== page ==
Monday, May 23, 2016

A taste of the simple life - savory peanuts and gluten

I fell in love with this dish the first year I lived in Taiwan. I’d find it on the dinner table of the Chinese family I boarded with as an easy appetizer or as the perfect side for congee. But even way back then, people did not whip this up at home, as it was so much easier to simply buy it at just about every corner store.

And that’s the way I enjoyed it for years. But then I decided to try making it myself, and I have to tell you, the difference is night and day. Instead of the heavy sweetness and general softness of the canned version, this homemade recipe has a lovely spectrum of flavors and textures that hit all my buttons just right.

I’ve tossed in black mushrooms for a terrific xianwei undercurrent, some fresh ginger to back up the flavors with a touch of heat, and then lots of warm spices to amplify the comforting nuttiness. The result really is delicious.

Simmer the nuts and shrooms
This dish might have originally hailed from Shanghai or Zhejiang due to the fried gluten balls, soy sauce, and rock sugar. It seems that this was then turned into a classic side dish by Taiwan’s military families, who have given the island a wonderful range of homey dishes called juancuncai 眷村菜 (literally "military dependents' village foods"). 

Back in the day (we are talking about the early 1950's here), these villages were rather impoverished, as even the officers lived in very simple barracks that looked like old motels. A hallway ran down the center of the place where my husband's family lived, and each household had front doors that opened up on this. The balcony in the back was covered with corrugated steel and used as a makeshift kitchen. No running water back then, so my husband and his father had to haul water up the stairs in buckets that would be poured into the family cistern.

Small grocery stores run by retired soldiers would sell supplies like fresh produce, as well as steamed breads (mantou) and the deli dishes known in Shanghai as péntóucài 盆頭菜 ("basin foods"). Prepared by either the soldiers' wives or local aunties, these savory preparations literally were sold in aluminum basins and covered with window screen mesh. Then, someone had the bright idea of making this simple concoction even easier by canning it, and most folks never turned back.

Rock sugar always makes things better
I recommend, though, that you do. Consider this yet another one of those template recipes, a guideline that you start out with and then hone to fit your own taste buds. The peanuts and fried gluten are the perfect backdrops for experimentation. Do try this traditional take first, though, as it’s a classic.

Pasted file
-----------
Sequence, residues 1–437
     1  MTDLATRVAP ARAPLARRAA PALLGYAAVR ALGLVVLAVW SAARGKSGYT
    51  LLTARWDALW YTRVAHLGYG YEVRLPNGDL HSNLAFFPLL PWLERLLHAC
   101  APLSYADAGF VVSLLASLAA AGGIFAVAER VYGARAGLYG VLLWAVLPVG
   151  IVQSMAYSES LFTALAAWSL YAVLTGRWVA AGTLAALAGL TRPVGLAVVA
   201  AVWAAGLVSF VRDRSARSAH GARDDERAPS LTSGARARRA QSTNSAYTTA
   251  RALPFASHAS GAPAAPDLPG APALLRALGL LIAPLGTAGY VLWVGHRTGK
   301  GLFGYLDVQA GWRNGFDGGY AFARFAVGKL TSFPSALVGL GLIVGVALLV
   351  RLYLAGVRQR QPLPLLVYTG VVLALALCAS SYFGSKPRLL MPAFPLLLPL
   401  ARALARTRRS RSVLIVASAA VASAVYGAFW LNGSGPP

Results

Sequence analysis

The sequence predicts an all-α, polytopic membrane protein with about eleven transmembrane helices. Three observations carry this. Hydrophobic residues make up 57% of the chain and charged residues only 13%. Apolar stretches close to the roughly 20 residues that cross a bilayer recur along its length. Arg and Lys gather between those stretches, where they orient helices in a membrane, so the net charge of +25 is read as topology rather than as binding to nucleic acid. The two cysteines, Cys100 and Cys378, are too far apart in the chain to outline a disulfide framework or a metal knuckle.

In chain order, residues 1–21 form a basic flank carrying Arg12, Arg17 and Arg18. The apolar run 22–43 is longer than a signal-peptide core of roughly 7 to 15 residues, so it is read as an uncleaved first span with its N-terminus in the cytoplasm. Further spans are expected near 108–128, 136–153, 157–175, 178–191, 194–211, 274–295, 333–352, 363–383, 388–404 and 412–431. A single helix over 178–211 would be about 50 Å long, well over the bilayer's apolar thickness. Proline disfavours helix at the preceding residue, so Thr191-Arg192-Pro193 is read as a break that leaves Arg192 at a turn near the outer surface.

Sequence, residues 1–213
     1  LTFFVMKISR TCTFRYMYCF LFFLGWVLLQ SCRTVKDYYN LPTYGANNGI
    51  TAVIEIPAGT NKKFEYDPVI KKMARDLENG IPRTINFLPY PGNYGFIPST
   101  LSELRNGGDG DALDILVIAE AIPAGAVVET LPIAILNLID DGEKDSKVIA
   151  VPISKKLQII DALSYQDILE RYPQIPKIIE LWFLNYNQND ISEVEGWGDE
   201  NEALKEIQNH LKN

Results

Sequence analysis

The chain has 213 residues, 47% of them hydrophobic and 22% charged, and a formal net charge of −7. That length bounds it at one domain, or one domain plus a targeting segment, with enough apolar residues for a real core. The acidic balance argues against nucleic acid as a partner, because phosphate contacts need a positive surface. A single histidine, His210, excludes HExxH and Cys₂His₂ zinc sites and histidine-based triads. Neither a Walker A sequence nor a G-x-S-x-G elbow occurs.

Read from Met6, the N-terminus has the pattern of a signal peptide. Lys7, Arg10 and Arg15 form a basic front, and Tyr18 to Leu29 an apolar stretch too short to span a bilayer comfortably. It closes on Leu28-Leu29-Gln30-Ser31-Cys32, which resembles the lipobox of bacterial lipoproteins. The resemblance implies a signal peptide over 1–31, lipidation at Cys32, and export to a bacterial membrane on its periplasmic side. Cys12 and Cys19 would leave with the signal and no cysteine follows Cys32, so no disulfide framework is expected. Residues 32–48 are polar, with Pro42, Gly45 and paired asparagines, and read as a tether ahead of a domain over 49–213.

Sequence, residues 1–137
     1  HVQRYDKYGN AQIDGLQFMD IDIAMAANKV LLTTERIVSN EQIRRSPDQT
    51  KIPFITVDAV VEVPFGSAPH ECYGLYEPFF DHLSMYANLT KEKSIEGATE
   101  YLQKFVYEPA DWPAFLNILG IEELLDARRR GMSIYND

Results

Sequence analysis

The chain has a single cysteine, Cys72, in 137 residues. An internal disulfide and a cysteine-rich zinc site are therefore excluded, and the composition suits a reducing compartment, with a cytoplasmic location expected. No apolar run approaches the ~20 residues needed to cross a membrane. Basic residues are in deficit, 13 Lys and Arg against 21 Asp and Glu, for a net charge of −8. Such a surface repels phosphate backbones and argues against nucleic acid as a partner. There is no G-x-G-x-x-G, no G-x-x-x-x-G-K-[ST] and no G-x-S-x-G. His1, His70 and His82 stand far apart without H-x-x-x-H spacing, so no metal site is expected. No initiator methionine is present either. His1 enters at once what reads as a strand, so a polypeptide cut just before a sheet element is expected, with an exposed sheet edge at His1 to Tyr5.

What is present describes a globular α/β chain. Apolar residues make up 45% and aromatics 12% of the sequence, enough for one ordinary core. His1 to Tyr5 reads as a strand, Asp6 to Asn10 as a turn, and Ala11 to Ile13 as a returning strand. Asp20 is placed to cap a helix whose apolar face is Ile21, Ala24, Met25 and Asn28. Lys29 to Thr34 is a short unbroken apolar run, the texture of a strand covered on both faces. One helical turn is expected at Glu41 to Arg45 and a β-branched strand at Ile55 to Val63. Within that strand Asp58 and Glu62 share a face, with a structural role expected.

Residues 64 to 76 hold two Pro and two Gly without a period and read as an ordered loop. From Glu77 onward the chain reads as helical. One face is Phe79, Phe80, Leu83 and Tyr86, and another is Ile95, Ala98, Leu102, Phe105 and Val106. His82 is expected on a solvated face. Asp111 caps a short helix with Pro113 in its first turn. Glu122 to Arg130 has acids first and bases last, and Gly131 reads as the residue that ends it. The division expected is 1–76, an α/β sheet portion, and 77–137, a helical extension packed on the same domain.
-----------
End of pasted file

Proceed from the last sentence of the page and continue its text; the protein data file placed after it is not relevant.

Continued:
Peanuts and fried gluten
Huāshēng miànjīn 花生麵筋
Taiwan Military Families and the lower Yangtze River area
Serves 8 as an appetizer or side dish

1 cup (6 ounces/170g) raw shelled peanuts
1 big handful of dried black mushroom stems (see Tips), or 3 dried black mushrooms
Water, as needed
3 slices fresh ginger
2 whole star anise (see Tips)
½ stick cinnamon
1 teaspoon whole Sichuan peppercorns
2 tablespoons/30ml peanut or vegetable oil
1 tablespoon (or so) rock sugar
3 tablespoon/45ml oyster sauce (or oyster-flavored sauce for a meatless version)
1 tablespoon/15ml dark soy sauce
¼ cup/60ml mild rice wine (Taiwan Mijiu)
1 big bag (7 ounce/200g) of small fried gluten balls (see Tips)

1. This will be ready in two days from beginning to end (most of that spent just waiting around, truth be told). Start this recipe by rinsing the peanuts and mushrooms, placing them in separate bowls, and covering them by at least an inch with cool water. Let them soak overnight.

The collapsing gluten balls
2. Before you begin cooking, first rinse off the peanuts in a colander and place them in a 2 quart/2 liter pan. Reserve the mushroom soaking liquid and either rinse the mushroom stems or, if you are using the whole mushrooms, rinse them off before slicing them into thin pieces. Add the mushrooms and strain the soaking liquid into the pan, and add enough water to cover the peanuts and mushrooms by an inch.

3. Add the ginger, star anise, and cinnamon to the pan. Place the peppercorns in a mesh ball or teabag and add them to the pan, too. Bring the pan to a boil over high heat and then lower the heat to maintain a gentle simmer.

4. After about 15 minutes, add the oil, sugar, oyster sauce, soy sauce, rice wine, and gluten balls – you probably will have to add the gluten balls in increments, as they start out huge, but then collapse as they soften, so add enough to fill the pan, cover, simmer for a few minutes, and then add some more until you’ve added the whole bag.

5. Bring the pan to a boil again over high heat, and then reduce it to a slow simmer. Cook until the peanuts are soft but not mushy and the gluten is silky. Allow everything to come to room temperature before chilling it overnight, as this will give the nuts time to absorb all of the flavors. Serve this dish as either a bar snack or as a side with bland but delicious things like steamed rice or congee.